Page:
November 7, 2016
The End of Academic Freedom?
Inside Higher Ed reports on the case of an untenured NYU assistant professor of liberal studies, Michael Rectenwald, who has taken paid leave after he posted strongly worded complaints on Twitter (under the handle “Deplorable NYU Prof”) about safe spaces and trigger warnings. A trigger warning is a statement included on a professor’s syllabus indicating that some material presented in a course might cause discomfort or distress. In an interview with NYU’s student newspaper, Washington Square News, Rectenwald describes the danger identity politics poses to academic freedom:
“What happens is that the left presents its needs to the administration in universities, and the administration seizes on these opportunities to produce power and control to actually discipline the subjects under them. They don’t care what ideologies — whether it’s right, left, center. My dean two years ago — I mentioned the words trigger warning, and he snickered out loud, as if it was some foreign concept. Then last year, towards the end of the semester when we had a colloquium, he was floating the idea that they would be required on the syllabi. This is what happens. Once the administration gets it, it becomes a tool — an instrument — for them. Then they are able to compute to have more leverage and control over the curriculum, which should be faculty controlled in every university.”
Two days after this interview was published, a letter to the editor written by members of NYU’s Liberal Studies Diversity, Equity, and Inclusion Working Group was published in the same paper. The letter condemns Professor Rectenwald’s “incendiary rhetoric,” his efforts to “gaslight those who would disagree with him,” his “straw man fallacies,” “circular arguments,” and “hasty generalizations.” The letter closes with this indictment: “But as long as [Rectenwald] airs his views with so little appeal to evidence and civility, we must find him guilty of illogic and incivility in a community that predicates its work in great part on rational thought and the civil exchange of ideas.” On the day of the letter’s publication, Rectenwald was asked to meet with a dean and a representative from human relations, and concern was expressed about his mental health. Soon after, he contends, it was “strongly suggested” that he take a medical leave of absence. An NYU spokesperson later claimed that Rectenwald’s leave had “absolutely zero to do with his Twitter account or his opinions on issues of the day.”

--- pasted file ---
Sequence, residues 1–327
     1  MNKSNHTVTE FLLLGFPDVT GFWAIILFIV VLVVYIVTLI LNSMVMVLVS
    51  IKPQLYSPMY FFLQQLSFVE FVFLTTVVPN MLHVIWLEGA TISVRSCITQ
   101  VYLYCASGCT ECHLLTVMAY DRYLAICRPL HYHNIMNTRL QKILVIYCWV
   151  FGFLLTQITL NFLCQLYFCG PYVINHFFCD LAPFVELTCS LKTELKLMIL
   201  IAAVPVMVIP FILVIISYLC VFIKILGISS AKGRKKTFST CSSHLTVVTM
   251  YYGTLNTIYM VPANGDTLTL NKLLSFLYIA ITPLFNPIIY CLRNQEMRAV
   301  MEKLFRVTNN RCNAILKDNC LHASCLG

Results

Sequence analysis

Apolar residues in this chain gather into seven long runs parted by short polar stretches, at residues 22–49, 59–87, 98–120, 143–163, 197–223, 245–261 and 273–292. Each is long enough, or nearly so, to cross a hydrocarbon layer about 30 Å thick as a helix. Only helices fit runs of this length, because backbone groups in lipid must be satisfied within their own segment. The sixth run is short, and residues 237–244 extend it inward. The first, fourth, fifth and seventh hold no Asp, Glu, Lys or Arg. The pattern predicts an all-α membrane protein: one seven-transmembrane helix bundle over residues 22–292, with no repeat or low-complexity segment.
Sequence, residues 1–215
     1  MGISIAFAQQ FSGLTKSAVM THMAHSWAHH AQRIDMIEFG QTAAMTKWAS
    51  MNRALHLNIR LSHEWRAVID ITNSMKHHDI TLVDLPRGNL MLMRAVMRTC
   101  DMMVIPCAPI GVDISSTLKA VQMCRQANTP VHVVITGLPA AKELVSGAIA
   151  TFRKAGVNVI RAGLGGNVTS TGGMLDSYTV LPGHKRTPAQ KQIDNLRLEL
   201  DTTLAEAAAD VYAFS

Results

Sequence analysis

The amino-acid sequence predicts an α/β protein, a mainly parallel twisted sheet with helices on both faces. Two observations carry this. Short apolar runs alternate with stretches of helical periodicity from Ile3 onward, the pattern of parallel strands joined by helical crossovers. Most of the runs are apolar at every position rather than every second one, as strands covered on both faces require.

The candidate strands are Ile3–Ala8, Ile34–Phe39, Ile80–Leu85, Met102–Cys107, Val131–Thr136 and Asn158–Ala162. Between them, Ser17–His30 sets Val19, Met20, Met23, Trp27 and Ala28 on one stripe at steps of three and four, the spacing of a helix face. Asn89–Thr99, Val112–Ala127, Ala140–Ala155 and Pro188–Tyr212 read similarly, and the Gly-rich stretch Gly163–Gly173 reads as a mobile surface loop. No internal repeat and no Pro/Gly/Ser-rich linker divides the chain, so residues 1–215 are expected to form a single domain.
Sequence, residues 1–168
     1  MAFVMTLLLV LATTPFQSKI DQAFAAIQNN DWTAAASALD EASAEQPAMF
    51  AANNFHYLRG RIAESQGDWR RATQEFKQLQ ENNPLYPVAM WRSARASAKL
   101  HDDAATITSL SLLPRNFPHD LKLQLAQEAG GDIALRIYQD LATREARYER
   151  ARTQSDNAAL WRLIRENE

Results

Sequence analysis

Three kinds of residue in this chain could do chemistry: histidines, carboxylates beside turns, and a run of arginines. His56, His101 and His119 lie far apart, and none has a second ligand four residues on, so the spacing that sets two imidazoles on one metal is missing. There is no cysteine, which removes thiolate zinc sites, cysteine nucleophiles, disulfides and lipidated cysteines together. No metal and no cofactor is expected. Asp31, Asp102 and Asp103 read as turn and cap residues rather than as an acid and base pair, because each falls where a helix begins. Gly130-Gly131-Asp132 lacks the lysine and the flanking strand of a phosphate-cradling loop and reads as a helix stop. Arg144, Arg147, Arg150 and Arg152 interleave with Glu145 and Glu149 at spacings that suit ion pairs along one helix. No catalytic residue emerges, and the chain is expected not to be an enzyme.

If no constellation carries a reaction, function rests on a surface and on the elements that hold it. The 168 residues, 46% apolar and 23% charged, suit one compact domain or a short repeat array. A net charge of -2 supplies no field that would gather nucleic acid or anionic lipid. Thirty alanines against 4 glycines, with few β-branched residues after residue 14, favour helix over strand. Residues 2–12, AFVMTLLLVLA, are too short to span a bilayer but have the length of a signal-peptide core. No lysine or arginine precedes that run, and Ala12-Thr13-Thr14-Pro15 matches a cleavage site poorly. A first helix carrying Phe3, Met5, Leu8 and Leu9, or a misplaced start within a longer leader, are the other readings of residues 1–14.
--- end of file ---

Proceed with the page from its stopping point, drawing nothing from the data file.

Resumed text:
NYU’s contention that Rectenwald’s tweets had nothing to do with his having to leave the classroom seems disingenuous. The narrative appears to suggest otherwise. Meanwhile, the hectoring op-ed that directly preceded his leave bases much of its condemnation on the “illogic” of Rectenwald’s public statements–their circular arguments and straw-man fallacies. But logic is hardly a sound criterion for judging hyperbole—the rhetorical mode Rectenwald brandishes on social media and interviews. That Rectenwald’s classes were cancelled and his students deprived of the opportunity to learn from him and he from them, and perhaps engage in conversations about free speech, diversity, and academic freedom validates Rectenwald’s contentions about identity politics and academic freedom. “I’m afraid my academic career is over,” Rectenwald told the New York Post. “Academic freedom: It’s great as long as you don’t use it.”